Today's complex strategic environment calls for military forces ready to conduct a multitude of missions, on short notice, across the globe. As part of the Joint team, America's Air Force continues to provide the Nation's unmatched Global Vigilance, Reach and Power across the full spectrum of operations.
From the humanitarian relief operations supporting our Japanese friends in need; to the ongoing stability and counterinsurgency operations in Iraq and Afghanistan, to the no-fly zone enforcement and protection of the civilian population in Libya; and to the continuous air sovereignty, space, cyber and nuclear deterrence missions - the speed, precision, and versatility of the U.S. Air Force is being tested and proven daily.
As the Air Force and the other services fulfill today's mission requirements, we also have a responsibility to plan for the future. But it is a simple fact that no matter how much planning we do, the future is defined by uncertainty. In trying to determine what's coming around the corner, and how to shape our forces accordingly, we must frequently use partial information, intermingled with limited experience, combined with inherently flawed judgment.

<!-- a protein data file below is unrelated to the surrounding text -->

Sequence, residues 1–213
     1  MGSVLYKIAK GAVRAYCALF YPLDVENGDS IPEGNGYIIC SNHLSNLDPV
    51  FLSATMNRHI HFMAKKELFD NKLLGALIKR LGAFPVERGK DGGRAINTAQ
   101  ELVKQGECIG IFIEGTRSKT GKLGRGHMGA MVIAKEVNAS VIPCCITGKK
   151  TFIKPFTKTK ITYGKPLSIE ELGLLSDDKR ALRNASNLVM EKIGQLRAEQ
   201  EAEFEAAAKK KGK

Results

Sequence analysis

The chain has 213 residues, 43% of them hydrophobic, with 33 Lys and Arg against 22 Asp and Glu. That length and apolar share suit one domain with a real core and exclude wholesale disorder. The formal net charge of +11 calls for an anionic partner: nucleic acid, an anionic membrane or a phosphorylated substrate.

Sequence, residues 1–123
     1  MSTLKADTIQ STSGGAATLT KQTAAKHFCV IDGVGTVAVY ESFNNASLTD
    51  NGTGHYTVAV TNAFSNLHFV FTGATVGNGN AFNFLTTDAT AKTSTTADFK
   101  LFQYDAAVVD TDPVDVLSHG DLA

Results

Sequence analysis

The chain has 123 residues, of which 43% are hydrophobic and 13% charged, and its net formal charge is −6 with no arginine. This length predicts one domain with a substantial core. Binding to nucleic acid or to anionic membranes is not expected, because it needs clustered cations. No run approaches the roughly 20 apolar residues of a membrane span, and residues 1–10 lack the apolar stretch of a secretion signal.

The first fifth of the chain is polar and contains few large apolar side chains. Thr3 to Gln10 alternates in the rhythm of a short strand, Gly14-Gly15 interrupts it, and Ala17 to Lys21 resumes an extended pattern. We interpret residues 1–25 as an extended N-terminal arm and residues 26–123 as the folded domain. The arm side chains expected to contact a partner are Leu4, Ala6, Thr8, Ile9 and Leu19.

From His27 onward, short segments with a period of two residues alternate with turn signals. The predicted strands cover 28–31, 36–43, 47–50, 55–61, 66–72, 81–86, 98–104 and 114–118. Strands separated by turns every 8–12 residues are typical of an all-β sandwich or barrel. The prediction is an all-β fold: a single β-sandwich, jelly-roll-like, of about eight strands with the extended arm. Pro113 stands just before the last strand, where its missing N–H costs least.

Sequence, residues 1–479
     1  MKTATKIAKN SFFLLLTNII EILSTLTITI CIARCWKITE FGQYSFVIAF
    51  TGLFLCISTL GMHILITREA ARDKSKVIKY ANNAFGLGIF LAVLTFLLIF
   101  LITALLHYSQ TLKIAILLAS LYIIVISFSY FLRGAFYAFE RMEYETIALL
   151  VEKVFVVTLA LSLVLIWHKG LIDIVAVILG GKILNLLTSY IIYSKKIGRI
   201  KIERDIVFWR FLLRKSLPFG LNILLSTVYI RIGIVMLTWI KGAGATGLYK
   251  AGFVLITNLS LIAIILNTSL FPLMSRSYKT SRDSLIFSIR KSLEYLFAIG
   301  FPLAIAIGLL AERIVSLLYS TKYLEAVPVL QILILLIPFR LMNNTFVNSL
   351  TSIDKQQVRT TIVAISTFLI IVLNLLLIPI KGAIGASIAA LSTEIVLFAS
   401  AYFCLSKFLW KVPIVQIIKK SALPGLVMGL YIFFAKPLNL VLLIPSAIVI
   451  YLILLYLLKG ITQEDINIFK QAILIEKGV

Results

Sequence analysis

Nevertheless, there are some things we do know.
First, we are living in an era of very rapid change. While some aspects of rapid change may offer positive opportunities, from a defense perspective it also means our world is full of rapidly evolving threats. Future trends associated with economic globalization, demographics, environmental change, information technology, shifting balances of power, and key regional developments will impact U.S. security interests, DoD and Air Force strategic planning, and the way we engage with the rest of the world. In the past decade, we have already seen mission impacts in homeland security, in 24/7 counter-terror operations, in new requirements for space situational awareness and missile defense, in ISR, and in the evolution of the cyber domain.